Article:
Santa Monica Observer - Community, Diversity, Sustainability and other Overused Words

By Susan Shelley
Southern California News Group 

Only Those in Government Can Abuse Political Power or Give Special Favors

All the recent political investigations come down to an abuse of power

 

February 13, 2018

If you take the politics out of it, all the current investigations in politics are about just one thing: Abuse of power.

Forget whether crimes can be proven beyond a reasonable doubt. It's not illegal to use a private server for government email. It's not illegal to talk to Russians. It's not illegal to dig for political dirt or to use that information to try to win an election.

What should concern us most is the abuse of power for personal gain, followed by the abuse of power to get away with it, accompanied by the abuse of power to destroy anybody who gets in the way.

But the first thing to note is that it's impossible to abuse government power if you're not in government. Candidates have only potential power. Government officials are the ones who need close scrutiny.

That's what President Barack Obama thought when he named Hillary Clinton to be secretary of state on the condition that the Clintons sign an unusual ethics agreement. It specified that the Clinton Foundation could not take new donations from foreign countries, it gave the White House a veto over former President Clinton's paid speeches, and it required the Foundation to make its donors public.

That's when Hillary Clinton set up a private email server for her government work, making her official communications invisible to a public records search, or even an internal search by someone in the government.

Legitimate questions have been raised about whether Clinton's State Department granted access, favors or special treatment to individuals or governments that donated to the Clinton Foundation or paid the former president. That would be an abuse of power, and if anyone could prove that Secretary Clinton had knowledge of a quid pro quo - Latin meaning "this for that," - she could be convicted of a crime.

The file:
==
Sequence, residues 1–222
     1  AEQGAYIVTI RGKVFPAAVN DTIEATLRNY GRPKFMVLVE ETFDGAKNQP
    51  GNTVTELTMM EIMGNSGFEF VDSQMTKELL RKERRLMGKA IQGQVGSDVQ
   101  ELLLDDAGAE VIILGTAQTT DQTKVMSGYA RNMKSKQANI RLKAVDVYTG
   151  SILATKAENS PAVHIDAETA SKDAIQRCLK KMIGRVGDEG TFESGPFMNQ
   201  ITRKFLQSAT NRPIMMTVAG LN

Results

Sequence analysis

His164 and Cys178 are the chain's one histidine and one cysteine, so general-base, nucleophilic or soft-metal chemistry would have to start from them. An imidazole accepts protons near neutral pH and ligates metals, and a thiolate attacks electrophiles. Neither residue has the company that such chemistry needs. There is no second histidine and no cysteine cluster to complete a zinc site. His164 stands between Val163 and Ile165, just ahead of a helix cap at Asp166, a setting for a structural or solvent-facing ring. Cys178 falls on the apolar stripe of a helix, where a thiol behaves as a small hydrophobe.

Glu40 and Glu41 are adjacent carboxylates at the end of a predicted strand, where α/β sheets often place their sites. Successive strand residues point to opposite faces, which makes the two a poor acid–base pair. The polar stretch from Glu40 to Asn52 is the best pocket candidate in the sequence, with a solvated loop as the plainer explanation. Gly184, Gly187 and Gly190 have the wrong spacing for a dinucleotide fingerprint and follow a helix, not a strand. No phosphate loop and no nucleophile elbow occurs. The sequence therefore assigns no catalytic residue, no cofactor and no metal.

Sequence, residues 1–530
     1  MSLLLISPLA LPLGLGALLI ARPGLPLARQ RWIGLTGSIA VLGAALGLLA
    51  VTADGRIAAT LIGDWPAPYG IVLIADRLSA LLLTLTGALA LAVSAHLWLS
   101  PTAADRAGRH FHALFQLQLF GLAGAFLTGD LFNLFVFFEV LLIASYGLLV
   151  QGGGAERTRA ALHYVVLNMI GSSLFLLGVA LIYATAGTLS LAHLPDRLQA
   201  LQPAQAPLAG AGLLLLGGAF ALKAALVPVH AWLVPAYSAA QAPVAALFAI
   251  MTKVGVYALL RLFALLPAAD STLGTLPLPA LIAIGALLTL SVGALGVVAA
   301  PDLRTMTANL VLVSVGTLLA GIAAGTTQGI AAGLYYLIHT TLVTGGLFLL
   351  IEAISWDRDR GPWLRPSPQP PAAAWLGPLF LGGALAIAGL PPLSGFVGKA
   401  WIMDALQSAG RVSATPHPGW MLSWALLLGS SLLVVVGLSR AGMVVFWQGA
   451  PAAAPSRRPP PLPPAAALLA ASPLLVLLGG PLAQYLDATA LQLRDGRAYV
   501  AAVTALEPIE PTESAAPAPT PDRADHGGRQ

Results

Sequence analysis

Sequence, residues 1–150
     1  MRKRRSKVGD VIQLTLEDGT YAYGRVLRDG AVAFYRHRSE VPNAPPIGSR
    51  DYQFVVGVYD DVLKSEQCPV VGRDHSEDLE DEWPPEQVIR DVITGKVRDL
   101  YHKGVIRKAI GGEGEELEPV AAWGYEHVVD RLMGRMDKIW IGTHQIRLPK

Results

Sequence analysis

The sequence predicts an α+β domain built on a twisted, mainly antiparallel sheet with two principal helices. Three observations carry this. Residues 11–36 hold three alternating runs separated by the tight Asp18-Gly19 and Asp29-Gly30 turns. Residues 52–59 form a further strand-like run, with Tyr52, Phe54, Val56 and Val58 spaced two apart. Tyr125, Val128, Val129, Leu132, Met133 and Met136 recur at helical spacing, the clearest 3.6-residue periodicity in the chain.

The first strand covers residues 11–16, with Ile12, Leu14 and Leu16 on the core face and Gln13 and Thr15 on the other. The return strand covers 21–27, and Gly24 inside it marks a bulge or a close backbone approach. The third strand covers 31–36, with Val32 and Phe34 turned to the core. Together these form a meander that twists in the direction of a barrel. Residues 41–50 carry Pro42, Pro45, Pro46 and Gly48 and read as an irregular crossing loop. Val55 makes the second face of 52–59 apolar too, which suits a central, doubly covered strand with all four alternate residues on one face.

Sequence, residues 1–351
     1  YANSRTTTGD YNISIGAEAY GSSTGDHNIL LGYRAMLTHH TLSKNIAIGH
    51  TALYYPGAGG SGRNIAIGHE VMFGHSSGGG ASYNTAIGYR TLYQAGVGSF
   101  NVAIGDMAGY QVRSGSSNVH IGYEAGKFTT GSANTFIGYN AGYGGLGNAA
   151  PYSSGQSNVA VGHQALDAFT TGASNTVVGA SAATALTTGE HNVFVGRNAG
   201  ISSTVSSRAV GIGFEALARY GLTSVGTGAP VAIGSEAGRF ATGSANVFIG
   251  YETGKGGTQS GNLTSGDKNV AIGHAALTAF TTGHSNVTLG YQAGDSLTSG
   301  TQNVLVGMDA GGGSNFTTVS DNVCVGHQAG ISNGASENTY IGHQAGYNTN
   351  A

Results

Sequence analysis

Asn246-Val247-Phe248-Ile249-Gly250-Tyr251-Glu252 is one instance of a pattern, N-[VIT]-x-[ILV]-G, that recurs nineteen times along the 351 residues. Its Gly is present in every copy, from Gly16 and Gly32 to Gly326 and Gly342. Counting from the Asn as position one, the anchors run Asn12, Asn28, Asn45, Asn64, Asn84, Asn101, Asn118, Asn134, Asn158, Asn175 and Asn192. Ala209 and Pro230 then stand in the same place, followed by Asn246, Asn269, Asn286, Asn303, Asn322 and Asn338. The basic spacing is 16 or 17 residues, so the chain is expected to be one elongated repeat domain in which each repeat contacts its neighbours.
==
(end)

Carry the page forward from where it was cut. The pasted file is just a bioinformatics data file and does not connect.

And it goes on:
After Clinton left office, she deleted tens of thousands of "personal" emails before complying with the State Department's request to turn over her official records. On July 10, 2015, the FBI initiated "a full investigation based upon a referral received by the U.S. Intelligence Community Inspector General" into the mishandling of classified information on Clinton's personal email server, according to an FBI report in July, 2016.

Today, Justice Department Inspector General Michael Horowitz is investigating whether "improper considerations" motivated any law-enforcement decisions related to the Clinton email matter. If so, that would be an abuse of government power by someone who held it at the time.

Similarly, someone in power decided to use a dossier of unsubstantiated opposition research on Donald Trump as the basis of an application to the FISA court for authorization to spy on Trump adviser Carter Page. The dossier was paid for by the Clinton campaign and the Democratic National Committee.

Hillary Clinton wasn't in power, so it's someone else who should be held accountable for presenting unverified political dirt to a judge as if it was the product of real intelligence work.

Donald Trump wasn't in power when his people met with Russians in Trump Tower in an alleged effort to gather dirt on Clinton, so that would not be an abuse of power, but if the Trump White House later exerted improper influence over a legitimate law enforcement investigation, that would be.

When the fog of secrecy over these investigations finally lifts, we'll find out who abused the power of government. If they're not already gone, we'll have to deal with it.

 

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